Facebook Rolls Out Tools to Curb Fake News

Facebook Rolls Out Tools to Curb Fake News

Foto: Fotolia

Facebook is changing its powerful news feed in an effort to stamp out fake stories following a firestorm around the social network's role in spreading false information, according to Bloomberg. The new features, rolled out to select U.S. users on Thursday, add options for readers and third-party fact checkers to flag articles, tweak Facebook's algorithm and provide more restrictions on advertising.

A month ago, Chief Executive Officer Mark Zuckerberg said these changes were coming, responding to extensive criticism in the wake of the U.S. presidential election. The issue has only grown more heated since. A Pew Research Center survey, released on Thursday, revealed that almost one-quarter of Americans believed they shared fake news and a greater percentage were concerned about its consequences.

Still, Facebook framed its moves carefully, showing its aversion to being seen as taking an editorial or political stance. "Fake news means different things to different people," said Adam Mosseri, Facebook's vice president of product management. "What we're focused on is the worst of the worst. We're not looking to get into the gray area of opinion."

Two of the incoming changes are very visible. Facebook users will be able to flag content on the site as a "fake news story." Articles deemed false by Facebook's partner, Poynter Institute's International Fact Checking Network, will have a new tag attached: "Disputed by 3rd Party Fact-Checkers." Publishers behind these articles will no longer be able to promote these articles as Facebook paid ads. The social network also will be working with fact-checking organizations Politfact, Snopes and FactCheck.org, as well as ABC News and the Associated Press to identify articles as fake.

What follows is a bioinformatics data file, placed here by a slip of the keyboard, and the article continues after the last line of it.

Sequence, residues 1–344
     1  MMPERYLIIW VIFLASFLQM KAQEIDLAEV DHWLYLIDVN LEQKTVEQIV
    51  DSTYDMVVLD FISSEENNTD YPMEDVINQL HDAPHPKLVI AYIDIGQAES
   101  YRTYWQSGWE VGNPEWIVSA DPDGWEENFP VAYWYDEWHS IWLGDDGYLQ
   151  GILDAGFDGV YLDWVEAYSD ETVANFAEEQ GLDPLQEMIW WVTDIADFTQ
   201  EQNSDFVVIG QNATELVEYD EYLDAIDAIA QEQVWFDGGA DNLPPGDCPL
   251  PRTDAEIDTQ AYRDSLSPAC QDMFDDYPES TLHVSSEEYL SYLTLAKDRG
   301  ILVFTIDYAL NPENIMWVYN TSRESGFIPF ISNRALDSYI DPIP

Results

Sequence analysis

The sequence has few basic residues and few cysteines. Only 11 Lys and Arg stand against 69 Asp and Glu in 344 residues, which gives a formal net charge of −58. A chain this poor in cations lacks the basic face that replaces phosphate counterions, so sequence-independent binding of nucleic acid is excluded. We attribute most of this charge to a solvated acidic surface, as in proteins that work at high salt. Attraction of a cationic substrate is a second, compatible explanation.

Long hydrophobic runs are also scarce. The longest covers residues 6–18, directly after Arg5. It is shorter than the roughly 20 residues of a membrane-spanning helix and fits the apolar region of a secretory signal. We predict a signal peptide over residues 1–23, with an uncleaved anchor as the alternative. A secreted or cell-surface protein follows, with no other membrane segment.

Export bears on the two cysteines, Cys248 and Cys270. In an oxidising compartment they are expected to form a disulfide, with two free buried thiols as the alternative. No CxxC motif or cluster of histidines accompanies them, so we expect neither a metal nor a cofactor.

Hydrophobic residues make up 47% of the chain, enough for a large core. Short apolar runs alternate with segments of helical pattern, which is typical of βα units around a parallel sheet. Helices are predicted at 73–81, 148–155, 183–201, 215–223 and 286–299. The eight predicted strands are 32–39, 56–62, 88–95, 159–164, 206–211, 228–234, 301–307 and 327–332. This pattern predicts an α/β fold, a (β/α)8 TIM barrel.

But Facebook isn't scrubbing these articles from its site altogether. "If something is been disputed, we're going to let you know," Mosseri said. "But you can still share it because we believe in giving people a voice." The company also said it's taking steps to snip financial incentives for publishers of fake news. It plans to cut off producers of content from hoax domains from buying on its ad networks. Mosseri said these websites represent a negligible part of Facebook's advertising revenue.

He noted that the adjustments are algorithmic and won't rely on editors employed by Facebook and has also dismissed the likelihood that users would take advantage of the new features to bombard articles or publications they disagree with, rather than those stories they find blatantly false. These incidents "happen many times less, orders of magnitude less," Mosseri said. "Most people aren't going to report anything negative."

More from category

Symantec Powers Consumer Security With the Microsoft Cloud

Symantec Powers Consumer Security With the Microsoft Cloud

19 Oct 2017 comment

Microsoft announced that cybersecurity leader Symantec is using the Azure cloud to help deliver its Norton consumer products to a global community of more than 50 million people and families. Azure provides Symantec with a highly reliable, trusted cloud that offers global scale and cost efficiencies.

IBM Announces Blockchain Solution to Speed Global Payments

IBM Announces Blockchain Solution to Speed Global Payments

19 Oct 2017 comment

IBM announced a new blockchain banking solution that will help financial institutions address the processes of universal cross-border payments, designed to reduce the settlement time and lower the cost of completing global payments for businesses and consumers.

AWS and Microsoft Announce Gluon, a Deep Learning Interface

AWS and Microsoft Announce Gluon, a Deep Learning Interface

17 Oct 2017 comment

Amazon Web Services and Microsoft announced a new deep learning library, called Gluon, that allows developers of all skill levels to prototype, build, train and deploy sophisticated machine learning models for the cloud, devices at the edge and mobile apps.